Make X11 programs work in an ssh sudo session

Have you ever needed to run an X11 based program like emacs or firefox in a sudo session and received one of the following errors?

This blog describes how to fix the problem.

I needed to solve this problem because there are a number of hosts on my network that do not allow root logins for security reasons. As a result I have to log into these hosts as a non-root user and then create a sudo session to perform administrative functions. Furthermore, I often do this remotely via XRDP, VNC or FreeNX through an ssh tunnel (or VPN) so there can be multiple credentials set.

To run an X11 based tool, I need to set the proper X credentials in the sudo session. I used to do this manually by manually looking up the xauth list for the original login and then adding them using xauth add in the sudo session but I recently figured out how to make it work with a single command.

1 Steps

The basic steps are:

  1. Login into the remote host. Make sure that X11 forwarding is enabled. I tend to use trusted forwarding which is why you see -Y instead of -X.
    ssh -Y user@host
  2. Create the sudo session by logging in with
    sudo user -
  3. Grab the X credentials for the original user. There can be many of them which is why the next step filters out the one we want.
    su - user -c "xauth list"
  4. Filter out the credential that we want using grep by looking for matches based on the DISPLAY environment variable. The extracted string used in the grep pattern match will be something like :10.
    grep `echo $DISPLAY |\
         cut -d ':' -f 2 |\
         cut -d '.' -f 1 |\
         sed -e s/^/:/`
  5. Enable the credentials for this session using the xauth add command. The xargs command says to take the first 3 arguments and pass them to the xauth add command.
    xargs -n 3 xauth add

Another option suggested by “scott e” on 2013-10-28 is to use the command “xauth -f ~user/.Xauthority” command which simplifies things. Here are the steps based on the new idiom:

  1. Login into the remote host. Make sure that X11 forwarding is enabled. I tend to use trusted forwarding which is why you see -Y instead of -X.
    ssh -Y user@host
  2. Create the sudo session by logging in with
    sudo user -
  3. Enable the credentials for this session using the “xauth -f ~user/.Xauthority” command.

2 Example

Here is an example that shows how it works.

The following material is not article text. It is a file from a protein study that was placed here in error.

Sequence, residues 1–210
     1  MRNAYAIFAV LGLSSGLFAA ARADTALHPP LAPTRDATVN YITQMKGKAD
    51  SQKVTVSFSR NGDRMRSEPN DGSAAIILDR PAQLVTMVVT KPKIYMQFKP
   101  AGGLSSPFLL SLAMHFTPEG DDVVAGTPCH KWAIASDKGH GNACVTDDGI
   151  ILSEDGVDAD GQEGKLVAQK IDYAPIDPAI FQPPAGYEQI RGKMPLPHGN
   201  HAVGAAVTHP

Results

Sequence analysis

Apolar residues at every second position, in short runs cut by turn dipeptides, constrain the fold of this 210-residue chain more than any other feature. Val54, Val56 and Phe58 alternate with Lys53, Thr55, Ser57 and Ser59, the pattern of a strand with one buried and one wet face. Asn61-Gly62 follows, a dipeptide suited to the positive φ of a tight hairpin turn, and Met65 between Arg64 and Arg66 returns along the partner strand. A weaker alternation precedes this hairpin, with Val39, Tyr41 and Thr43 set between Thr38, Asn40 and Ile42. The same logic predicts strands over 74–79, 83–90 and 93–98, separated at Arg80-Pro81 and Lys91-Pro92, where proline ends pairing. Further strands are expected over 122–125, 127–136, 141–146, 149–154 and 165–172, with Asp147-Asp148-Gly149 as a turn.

Note that I used compression level 7 because this example was taken from a remote session where I experimentally determined that it improved performance. Before setting a compression level, you should verify that it really does improve performance. Often it doesn’t help.

Enjoy!

21 thoughts on “Make X11 programs work in an ssh sudo session”

  1. I improved the command a bit to allow cut-and-paste without the need to adapt the user name by using the SUDO_USER environment variable:


    su - $SUDO_USER -c 'xauth list' |\
    grep
    echo $DISPLAY |\
    cut -d ':' -f 2 |\
    cut -d '.' -f 1 |\
    sed -e s/^/:/
    |\
    xargs -n 3 xauth add

    Tested on Debian/Ubuntu installations.

    1. This works if sudoing to “root” (the default), but it will definitely not work if using for example

      % sudo -u -E xeyes
      No protocol specified
      Error: Can't open display: :0

  2. Thank you Daniel, but you forgotten the sign; I correct it:

    su - $SUDO_USER -c 'xauth list' |\
    grep
    echo $DISPLAY |\
    cut -d ':' -f 2 |\
    cut -d '.' -f 1 |\
    sed -e s/^/:/
    |\
    xargs -n 3 xauth add

     

    Or if you like a single line command:

    su - $SUDO_USER -c 'xauth list' |grep echo $DISPLAY |cut -d ‘:’ -f 2 |cut -d ‘.’ -f 1 |sed -e s/^/:/` | xargs -n 3 xauth add

     

    Thank you all for the valuable help!

  3. Thank you Daniel, but you forgotten the sign:

    disappears if you do not enter it in a “code box”

    Here is the command again:

     

    Or if you like a single line command:

    Thank you all for the valuable help!

  4. $SUDO_USER is not present on my system. instead, I use:


    su -
    logname -c 'xauth list' |\
    grep echo $DISPLAY |\
    cut -d ':' -f 2 |\
    cut -d '.' -f 1 |\
    sed -e s/^/:/
    |\
    xargs -n 3 xauth add

  5. Put this in root’s .bash_functions, .bashrc, or .bash_profile:

    Then just use

  6. similar to scott e’s solution i was hoping to just run a single sudo command rather than create a root shell.
    what i ran across in the xauth man page is that it uses an environment variable XAUTHORITY to trump which authority file to use. tried out the following, and my app launched as root

     

  7. This page was great with all the ideas.  I was looking for something I could script for multiple users, and it seems with the combination of your ideas one could do this:

    export XAUTHORITY=$(eval echo ~$(logname)/.Xauthority)

    The only problem is it would only work if you sudo to root, unless you want to make your .Xauthority file readable by any user.

    Thanks everyone!

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